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[…] to start tackling tasks I want to do rather than just making lists and talking about it.  Read Code Words: Why we don’t work out or handle our money.  Note: There’s a little profanity in the first line, but the post is worth […]

Alex
4 years 1 month ago

I totally recognize myself in this post. I had been postponing to invest for years, and only recently (well, a few years ago) I started investing small proportions of my salary. Now, a few years later, I already have a few thousand in mutual funds. It might not be the world, but I am a bit disappointed that I didn’t just start doing this much, much earlier.

Tub20
4 years 1 month ago
I was amused at your comparison with gym absentees, and those that are inclined to not invest, and the excuses they give, and yes, I see what you’re driving at. In my case, the excuse is a little different but I also use the standard excuses, too, or at least I used to when I was younger. In earlier life, it is fair to say that most of us have not accumulated sufficient funds for reasonable investments. So partially an excuse maybe but I would think with a good many there is truth in it. The other excuses I used… Read more »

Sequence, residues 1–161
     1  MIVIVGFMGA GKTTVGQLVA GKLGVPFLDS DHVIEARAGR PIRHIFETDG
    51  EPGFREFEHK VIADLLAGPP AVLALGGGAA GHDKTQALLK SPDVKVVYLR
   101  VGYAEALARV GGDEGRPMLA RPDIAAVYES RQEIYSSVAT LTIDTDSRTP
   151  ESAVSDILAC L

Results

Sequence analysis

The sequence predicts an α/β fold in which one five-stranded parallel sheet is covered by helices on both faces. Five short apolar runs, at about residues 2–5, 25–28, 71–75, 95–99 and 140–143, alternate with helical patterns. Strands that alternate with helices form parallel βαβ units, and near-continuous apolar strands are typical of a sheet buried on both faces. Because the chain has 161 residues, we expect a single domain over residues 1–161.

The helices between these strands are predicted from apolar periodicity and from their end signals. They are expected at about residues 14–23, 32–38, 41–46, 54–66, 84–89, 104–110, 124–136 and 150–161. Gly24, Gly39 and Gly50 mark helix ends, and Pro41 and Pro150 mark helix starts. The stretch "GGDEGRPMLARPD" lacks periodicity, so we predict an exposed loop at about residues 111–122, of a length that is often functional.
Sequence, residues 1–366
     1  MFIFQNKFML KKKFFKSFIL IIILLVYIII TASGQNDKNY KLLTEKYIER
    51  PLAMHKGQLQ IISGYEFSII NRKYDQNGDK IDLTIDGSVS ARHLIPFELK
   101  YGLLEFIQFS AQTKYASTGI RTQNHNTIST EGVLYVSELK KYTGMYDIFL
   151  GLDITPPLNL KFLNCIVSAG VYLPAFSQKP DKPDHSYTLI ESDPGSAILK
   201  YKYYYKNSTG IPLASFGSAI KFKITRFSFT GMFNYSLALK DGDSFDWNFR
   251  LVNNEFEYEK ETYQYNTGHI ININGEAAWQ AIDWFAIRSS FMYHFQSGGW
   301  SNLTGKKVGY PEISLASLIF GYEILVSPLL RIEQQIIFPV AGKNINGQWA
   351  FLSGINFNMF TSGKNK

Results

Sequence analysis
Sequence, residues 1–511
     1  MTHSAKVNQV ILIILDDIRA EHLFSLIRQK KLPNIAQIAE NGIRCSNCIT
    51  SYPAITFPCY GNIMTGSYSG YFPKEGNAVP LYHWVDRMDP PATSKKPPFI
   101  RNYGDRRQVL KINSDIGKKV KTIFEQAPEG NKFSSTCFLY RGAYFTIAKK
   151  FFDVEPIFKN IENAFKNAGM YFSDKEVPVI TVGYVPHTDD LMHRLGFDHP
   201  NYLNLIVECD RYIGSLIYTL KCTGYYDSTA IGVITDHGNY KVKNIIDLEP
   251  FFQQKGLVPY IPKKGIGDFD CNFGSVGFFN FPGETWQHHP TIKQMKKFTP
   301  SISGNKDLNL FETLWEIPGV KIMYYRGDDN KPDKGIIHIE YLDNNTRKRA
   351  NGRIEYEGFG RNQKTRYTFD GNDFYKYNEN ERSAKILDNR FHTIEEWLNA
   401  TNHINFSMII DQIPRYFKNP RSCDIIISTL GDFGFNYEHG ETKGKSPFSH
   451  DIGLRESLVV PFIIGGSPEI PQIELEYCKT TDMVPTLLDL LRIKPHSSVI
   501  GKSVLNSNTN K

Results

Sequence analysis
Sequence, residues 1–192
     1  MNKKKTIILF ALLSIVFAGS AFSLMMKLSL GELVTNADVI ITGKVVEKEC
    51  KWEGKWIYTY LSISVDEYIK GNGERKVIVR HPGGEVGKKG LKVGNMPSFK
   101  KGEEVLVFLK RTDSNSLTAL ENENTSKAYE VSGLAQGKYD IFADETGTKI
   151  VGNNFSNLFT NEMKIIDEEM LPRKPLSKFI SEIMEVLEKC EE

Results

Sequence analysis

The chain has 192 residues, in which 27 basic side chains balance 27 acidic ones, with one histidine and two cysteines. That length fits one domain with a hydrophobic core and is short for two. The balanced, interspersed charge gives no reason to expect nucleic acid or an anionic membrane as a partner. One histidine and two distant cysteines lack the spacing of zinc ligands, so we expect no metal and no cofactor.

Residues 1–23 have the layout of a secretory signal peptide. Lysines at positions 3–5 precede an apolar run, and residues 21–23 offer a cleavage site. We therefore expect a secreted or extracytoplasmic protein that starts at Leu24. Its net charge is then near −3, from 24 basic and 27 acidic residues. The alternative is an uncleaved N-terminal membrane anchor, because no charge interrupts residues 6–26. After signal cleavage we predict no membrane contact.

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[…] which, as I’ve been learning from Scott H Young’s Blog, Ramit Sethi’s Blog, and Cal Newport’s Blog, is limited and not very effective. Indeed, I chicken out, so […]